Use NAICS codes. Industry names can vary by database. Use synonyms in your search, as well as searching by company or brand names. Or better yet, use an industry classification number (NAICS or SIC code) to ensure your industry research is consistent. The search box on the NAICS homepage allows you to search by keyword, so a search for television manufacturing will retrieve the code 33410, whose official heading is actually Audio & Visual Equipment Manufacturing. The descriptor may change from database to database, but the code will remain the same.

Watch the numbers. As you collect information from different sources about the same industry, be aware of the timeframe of the publication as well as the scope and source of any financial information provided.

Check the subsidiaries. Some companies take direct ownership of suppliers or distributors to get greater control of their supply chain (vertical integration). Check company profiles and annual reports to find lists and information about any subsidiaries they own.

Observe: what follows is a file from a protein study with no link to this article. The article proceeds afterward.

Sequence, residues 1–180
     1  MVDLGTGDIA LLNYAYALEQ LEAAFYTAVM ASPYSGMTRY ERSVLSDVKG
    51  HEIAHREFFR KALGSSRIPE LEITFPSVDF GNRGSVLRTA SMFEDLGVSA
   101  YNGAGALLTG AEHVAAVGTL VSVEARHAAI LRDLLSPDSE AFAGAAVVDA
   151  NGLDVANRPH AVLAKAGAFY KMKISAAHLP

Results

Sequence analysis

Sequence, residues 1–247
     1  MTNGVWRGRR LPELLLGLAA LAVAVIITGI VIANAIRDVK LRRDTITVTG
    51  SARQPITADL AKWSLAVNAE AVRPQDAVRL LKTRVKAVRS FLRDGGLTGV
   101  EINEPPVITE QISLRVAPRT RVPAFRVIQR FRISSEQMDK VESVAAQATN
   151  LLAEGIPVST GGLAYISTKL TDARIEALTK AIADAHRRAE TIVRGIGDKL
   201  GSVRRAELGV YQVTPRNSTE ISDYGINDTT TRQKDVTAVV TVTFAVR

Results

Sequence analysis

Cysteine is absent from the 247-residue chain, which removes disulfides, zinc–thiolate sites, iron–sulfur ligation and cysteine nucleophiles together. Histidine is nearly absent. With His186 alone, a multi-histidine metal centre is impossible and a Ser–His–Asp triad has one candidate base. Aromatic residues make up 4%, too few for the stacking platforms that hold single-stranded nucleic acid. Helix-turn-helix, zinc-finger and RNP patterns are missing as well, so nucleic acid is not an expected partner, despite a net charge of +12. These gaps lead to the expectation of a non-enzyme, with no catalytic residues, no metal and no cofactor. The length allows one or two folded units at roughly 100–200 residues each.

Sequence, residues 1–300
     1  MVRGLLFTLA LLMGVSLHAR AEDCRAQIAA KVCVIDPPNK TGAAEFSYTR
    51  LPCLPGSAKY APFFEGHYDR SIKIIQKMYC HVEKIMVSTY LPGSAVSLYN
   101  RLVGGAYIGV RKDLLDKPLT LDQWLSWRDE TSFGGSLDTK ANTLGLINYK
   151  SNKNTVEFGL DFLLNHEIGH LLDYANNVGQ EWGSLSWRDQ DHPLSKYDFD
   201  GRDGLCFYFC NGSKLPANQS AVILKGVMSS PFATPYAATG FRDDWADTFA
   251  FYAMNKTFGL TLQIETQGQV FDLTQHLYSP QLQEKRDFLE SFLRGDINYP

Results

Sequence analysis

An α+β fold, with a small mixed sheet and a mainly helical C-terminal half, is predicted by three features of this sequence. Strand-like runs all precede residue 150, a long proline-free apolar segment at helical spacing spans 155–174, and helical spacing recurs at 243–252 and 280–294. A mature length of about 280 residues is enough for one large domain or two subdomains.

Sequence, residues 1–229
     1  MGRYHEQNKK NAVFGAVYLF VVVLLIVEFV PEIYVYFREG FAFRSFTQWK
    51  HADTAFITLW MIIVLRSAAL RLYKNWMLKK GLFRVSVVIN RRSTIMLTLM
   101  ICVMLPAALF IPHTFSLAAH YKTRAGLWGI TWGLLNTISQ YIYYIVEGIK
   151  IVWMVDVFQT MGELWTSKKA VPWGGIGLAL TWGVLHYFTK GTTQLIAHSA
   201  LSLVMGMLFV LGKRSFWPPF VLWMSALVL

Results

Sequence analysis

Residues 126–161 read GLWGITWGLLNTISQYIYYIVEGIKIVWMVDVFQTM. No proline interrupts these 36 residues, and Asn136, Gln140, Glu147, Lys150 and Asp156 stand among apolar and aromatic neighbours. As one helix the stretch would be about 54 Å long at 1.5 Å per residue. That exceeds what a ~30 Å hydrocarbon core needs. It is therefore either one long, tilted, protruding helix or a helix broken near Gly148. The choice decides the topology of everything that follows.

Consider keywords. Keep in mind the many terms and phrases that are associated with supply chain management as you review your resources: contracting out, delivery, demand chain, disruptions, distribution, freight forwarding, inventory management, just-in-time systems, logistics, management information systems, manufacturing, materials handling, outsourcing, operations management, procurement, production, purchasing, railroads, shipping, sourcing, suppliers, supply chain, transportation, trucking, warehousing, and waste minimization.